I know that EVs have fewer moving parts and less that can go wrong, but that lower rate is paired with a higher impact if something does go wrong. On top of that I cannot rely on my ICE-based instincts. I’ve nursed enough ICE cars from 100k to 200k, that I can tell when the powertrain is about to get really expensive. I have no idea how to test (on a 30 minute drive) whether a battery pack is in good shape or not.

It’s because they don’t know anything about EVs to begin with.

My BIL was already a Volt owner, and driving his made me look into EVs. When he sat in my C-Max Energi I bought used, he was amazed at what we got for what we paid, and when his wife needed a car they bought a used C-Max Energi too.

Now his wife’s brother is shopping them.

Also, after hearing me talk about how much I liked driving on electricity, one of my managers bought a used Leaf.

Used EVs/PHEVs really are a great deal, and they help get EVs into the hands of people who might not get the tax credit, or want to lease.

I’m in the market for a used EV right now. I need an around town 2nd car, so I don’t mind 60-80 mile range. I have seen 2015 e-golfs in the 14-16K range. That’s amazing to me considering they sold for 32-38k only 2-3 years ago. I’m also contemplating taking over a lease from swapalease. No upfront fees, but I still need to register the car and pay taxes. Still, that’s a great deal.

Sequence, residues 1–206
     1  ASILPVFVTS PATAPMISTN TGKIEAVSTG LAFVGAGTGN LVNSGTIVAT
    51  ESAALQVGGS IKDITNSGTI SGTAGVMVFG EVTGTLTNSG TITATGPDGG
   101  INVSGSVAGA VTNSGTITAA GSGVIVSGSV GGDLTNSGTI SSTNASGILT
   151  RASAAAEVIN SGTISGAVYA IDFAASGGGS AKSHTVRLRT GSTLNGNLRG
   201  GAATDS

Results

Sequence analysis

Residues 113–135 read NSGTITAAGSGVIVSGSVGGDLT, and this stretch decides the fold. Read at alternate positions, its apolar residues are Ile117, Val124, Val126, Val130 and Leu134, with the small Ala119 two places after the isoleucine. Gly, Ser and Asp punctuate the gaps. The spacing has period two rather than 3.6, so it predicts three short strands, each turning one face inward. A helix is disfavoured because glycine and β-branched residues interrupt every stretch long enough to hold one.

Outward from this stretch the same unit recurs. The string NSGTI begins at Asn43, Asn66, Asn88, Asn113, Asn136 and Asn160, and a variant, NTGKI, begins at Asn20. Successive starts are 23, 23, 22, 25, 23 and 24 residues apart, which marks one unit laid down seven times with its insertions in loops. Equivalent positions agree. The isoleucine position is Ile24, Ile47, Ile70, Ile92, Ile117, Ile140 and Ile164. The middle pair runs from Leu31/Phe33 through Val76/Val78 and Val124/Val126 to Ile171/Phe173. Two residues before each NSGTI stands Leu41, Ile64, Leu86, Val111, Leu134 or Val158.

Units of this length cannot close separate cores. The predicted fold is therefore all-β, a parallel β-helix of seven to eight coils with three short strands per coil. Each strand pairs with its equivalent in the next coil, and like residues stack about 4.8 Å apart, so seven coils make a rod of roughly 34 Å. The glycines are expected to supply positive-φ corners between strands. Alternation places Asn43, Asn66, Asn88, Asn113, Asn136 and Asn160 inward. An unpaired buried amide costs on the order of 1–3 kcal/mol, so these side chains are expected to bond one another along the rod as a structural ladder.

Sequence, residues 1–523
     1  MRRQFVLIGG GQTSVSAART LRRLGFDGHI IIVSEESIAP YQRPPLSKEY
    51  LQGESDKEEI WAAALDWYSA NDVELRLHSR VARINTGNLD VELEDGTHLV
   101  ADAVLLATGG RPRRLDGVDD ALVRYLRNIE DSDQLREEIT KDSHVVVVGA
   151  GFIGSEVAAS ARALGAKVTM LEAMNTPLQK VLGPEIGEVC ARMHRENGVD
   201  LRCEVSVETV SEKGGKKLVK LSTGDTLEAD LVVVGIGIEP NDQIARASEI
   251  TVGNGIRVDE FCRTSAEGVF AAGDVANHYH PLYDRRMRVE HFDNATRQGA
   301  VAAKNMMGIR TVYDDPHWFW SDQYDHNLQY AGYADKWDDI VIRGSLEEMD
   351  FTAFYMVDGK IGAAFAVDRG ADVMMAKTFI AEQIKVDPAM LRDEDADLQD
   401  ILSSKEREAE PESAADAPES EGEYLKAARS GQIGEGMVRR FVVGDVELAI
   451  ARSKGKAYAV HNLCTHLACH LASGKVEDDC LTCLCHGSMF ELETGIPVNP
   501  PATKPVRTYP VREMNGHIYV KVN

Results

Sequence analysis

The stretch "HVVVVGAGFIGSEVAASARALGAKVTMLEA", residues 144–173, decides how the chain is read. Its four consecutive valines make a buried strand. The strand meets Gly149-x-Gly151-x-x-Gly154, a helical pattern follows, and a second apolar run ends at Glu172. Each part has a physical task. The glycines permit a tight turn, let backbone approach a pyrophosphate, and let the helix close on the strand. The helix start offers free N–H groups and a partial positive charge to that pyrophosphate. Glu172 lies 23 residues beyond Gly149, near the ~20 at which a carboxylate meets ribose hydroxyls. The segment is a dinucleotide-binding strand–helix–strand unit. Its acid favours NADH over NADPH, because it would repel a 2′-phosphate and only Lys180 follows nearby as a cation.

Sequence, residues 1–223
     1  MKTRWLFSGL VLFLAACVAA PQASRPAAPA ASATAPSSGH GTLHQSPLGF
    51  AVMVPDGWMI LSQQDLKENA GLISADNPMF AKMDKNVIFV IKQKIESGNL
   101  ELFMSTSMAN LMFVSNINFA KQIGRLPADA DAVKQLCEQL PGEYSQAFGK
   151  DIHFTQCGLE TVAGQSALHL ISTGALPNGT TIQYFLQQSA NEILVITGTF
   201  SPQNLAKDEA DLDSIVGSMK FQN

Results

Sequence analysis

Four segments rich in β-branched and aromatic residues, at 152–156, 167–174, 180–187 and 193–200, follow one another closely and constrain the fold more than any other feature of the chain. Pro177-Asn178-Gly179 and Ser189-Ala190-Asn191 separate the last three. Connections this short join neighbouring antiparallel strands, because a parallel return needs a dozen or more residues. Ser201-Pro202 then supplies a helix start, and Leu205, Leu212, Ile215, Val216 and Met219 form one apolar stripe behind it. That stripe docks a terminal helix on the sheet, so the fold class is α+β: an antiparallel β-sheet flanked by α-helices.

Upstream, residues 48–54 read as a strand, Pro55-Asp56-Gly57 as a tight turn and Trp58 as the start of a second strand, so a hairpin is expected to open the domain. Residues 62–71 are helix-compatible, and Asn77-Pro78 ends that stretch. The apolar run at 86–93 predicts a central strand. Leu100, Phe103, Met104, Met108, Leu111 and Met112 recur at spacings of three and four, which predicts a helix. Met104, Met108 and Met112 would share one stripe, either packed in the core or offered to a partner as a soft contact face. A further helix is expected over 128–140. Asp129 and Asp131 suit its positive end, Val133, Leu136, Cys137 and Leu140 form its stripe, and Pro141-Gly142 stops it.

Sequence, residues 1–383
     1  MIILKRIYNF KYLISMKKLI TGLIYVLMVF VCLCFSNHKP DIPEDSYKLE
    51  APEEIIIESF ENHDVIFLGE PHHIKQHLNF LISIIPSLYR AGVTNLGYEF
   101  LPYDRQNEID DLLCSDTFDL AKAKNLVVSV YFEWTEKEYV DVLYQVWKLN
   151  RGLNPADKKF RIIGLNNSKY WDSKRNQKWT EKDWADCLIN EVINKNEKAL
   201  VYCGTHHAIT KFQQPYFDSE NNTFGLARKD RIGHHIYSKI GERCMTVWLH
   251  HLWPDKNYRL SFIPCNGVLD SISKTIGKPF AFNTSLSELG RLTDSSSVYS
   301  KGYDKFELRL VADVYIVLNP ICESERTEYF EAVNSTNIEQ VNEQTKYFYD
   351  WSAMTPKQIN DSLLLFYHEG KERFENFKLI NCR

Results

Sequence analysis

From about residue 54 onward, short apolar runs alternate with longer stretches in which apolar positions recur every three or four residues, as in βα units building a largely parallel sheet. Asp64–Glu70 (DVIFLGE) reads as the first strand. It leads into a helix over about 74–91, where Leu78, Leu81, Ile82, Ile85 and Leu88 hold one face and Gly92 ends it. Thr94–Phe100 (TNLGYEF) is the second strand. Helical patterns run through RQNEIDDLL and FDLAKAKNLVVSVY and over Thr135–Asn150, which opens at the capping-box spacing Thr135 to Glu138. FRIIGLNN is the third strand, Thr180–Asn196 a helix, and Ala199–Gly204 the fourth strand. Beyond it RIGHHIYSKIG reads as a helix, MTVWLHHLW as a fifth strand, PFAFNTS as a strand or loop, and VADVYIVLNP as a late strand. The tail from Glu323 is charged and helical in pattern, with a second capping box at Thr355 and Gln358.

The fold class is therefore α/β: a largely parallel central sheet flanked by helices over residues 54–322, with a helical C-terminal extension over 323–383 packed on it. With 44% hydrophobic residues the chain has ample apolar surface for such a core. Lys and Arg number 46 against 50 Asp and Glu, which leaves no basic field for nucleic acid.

I’m surprised they didn’t use the Focus EV as a comparison to the ICE Focus. That would be the a good apples-to-apples comparison. Maybe because the Focus EV was so expensive to start with?

Gave my 2011 Leaf (lost 30% of capacity) to my nephew who lives in Seattle. Bought a 2013 Tesla Model S (lost 5% of capacity) to replace it. I wouldn’t get another EV without thermal management of the battery unless/until it is proven they can take the Southern California heat without undue capacity loss. Now both of us are happy!!!

The upside is that since *we* all know how amazingly reliable EVs are (especially ones built by Nissan or Kia or maybe even Chevy), *we* can take advantage of this fact and save boatloads of money before the rest of the world wakes up to the fact that there’s huge deals to be had, and pushes the price of those deals way up.

And because *we* understand the limitations of the cars, an old 2012 Leaf that “just gets you to work” where you can charge all day, makes a perfect second car that you don’t use for anything beyond commuting and grocery runs.

Sounds like a win-win to me.